It is therefore important for in-scope companies to make accurate D&I disclosures; where data is difficult to collate or insufficient for full and accurate disclosures, a company should make this clear within its annual report and explain the extent to which it is unable to make the relevant disclosures. Companies should also identify any legal restrictions which may prevent the collection or publication of the requisite D&I data.

Practical Steps

The FCA makes use of the bulletin to remind in-scope companies of Listing Principle 1, highlighting that this also extends to establishing and embedding D&I reporting procedures, systems and controls to meet disclosure obligations, including under the new rules.  

In preparation for making the relevant D&I disclosures, the FCA encourages in-scope companies to review their governance arrangements for oversight of D&I targets, to be aware of the relevant compliance framework, assess existing public narrative reporting on D&I, and to establish or enhance procedures, systems and controls over data collection and reporting. If it appears that targets may not be met, companies should ensure they can provide clear and meaningful explanations and may wish to review the effectiveness of board succession plans.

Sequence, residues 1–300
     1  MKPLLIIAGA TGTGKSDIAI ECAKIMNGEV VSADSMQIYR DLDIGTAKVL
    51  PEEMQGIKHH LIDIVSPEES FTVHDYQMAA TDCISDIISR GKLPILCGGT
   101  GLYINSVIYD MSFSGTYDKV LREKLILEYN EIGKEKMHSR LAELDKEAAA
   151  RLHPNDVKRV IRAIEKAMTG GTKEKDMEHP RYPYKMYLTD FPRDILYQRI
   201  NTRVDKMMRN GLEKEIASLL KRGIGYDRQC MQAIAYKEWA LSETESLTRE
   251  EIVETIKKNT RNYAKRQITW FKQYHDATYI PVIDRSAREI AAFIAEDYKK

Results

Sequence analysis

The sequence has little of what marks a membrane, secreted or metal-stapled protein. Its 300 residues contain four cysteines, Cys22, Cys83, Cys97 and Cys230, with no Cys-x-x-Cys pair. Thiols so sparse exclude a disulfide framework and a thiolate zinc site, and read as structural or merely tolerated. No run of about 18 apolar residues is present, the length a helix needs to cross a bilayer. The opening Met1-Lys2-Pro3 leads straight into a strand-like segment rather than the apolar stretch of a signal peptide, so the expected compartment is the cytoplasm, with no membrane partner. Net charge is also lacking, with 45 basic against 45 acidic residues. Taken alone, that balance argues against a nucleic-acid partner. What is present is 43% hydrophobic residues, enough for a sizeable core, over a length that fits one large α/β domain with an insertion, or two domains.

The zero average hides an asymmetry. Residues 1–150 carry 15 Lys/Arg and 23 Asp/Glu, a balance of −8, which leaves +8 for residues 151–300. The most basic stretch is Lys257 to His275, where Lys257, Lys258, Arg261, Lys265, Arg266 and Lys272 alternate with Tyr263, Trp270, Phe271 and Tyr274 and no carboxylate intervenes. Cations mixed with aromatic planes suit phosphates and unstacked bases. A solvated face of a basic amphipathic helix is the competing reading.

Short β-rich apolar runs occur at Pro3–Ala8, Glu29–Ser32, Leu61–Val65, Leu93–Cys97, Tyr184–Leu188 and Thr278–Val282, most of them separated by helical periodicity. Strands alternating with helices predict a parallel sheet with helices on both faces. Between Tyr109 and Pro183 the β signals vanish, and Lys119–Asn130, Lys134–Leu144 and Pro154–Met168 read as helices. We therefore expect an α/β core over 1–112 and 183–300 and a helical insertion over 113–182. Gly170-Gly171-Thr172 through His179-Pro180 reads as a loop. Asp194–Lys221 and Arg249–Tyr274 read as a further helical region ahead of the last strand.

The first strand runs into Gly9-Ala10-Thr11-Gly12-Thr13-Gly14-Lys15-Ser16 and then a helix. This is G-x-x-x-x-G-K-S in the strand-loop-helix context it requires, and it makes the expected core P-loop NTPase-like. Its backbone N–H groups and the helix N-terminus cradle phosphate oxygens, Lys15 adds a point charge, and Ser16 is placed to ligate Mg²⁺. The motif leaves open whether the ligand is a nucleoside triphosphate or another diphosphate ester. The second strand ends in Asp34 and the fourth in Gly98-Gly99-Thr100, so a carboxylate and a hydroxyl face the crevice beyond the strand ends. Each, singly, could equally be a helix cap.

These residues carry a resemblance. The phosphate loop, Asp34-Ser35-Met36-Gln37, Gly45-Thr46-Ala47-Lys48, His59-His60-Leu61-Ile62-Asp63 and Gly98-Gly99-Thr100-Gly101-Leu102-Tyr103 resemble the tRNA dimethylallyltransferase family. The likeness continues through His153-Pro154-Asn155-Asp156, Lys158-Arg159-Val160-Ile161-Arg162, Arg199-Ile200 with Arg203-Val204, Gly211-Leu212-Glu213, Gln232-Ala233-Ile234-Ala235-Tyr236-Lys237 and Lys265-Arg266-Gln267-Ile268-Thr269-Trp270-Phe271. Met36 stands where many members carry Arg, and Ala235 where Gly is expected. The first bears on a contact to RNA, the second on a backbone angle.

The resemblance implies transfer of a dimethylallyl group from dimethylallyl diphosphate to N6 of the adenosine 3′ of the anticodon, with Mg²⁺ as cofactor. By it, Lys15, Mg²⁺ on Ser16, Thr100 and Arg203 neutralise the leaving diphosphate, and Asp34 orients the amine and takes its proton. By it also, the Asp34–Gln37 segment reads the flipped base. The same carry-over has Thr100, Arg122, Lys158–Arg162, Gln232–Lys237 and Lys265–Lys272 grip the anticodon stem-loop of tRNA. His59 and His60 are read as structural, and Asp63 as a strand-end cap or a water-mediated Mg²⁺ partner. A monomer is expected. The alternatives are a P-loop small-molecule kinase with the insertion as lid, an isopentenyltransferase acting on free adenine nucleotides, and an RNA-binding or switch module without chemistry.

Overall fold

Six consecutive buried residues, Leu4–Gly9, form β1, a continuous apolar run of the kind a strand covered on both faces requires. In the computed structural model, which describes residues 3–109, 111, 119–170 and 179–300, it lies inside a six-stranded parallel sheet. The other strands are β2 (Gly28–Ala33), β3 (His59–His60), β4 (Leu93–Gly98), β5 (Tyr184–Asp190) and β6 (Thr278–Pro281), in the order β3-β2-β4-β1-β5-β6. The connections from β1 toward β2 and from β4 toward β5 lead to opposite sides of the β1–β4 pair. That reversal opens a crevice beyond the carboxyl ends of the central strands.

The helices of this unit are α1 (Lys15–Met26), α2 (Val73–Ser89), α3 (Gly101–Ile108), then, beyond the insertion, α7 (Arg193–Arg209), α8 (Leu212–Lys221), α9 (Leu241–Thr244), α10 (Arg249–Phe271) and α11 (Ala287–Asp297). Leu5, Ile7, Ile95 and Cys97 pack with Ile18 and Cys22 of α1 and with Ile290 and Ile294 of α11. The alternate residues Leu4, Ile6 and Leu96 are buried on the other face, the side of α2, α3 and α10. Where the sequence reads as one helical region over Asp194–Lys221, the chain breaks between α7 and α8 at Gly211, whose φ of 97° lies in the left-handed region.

Photo of Summreen Mahween Summreen Mahween

Having trained at the firm’s London office, Summreen Mahween is an associate in the Corporate Practice Group.

She works on a range of transactional and commercial matters, predominantly advising public and private companies on mergers and acquisitions, corporate restructurings, commercial advisory work, and…

Having trained at the firm’s London office, Summreen Mahween is an associate in the Corporate Practice Group.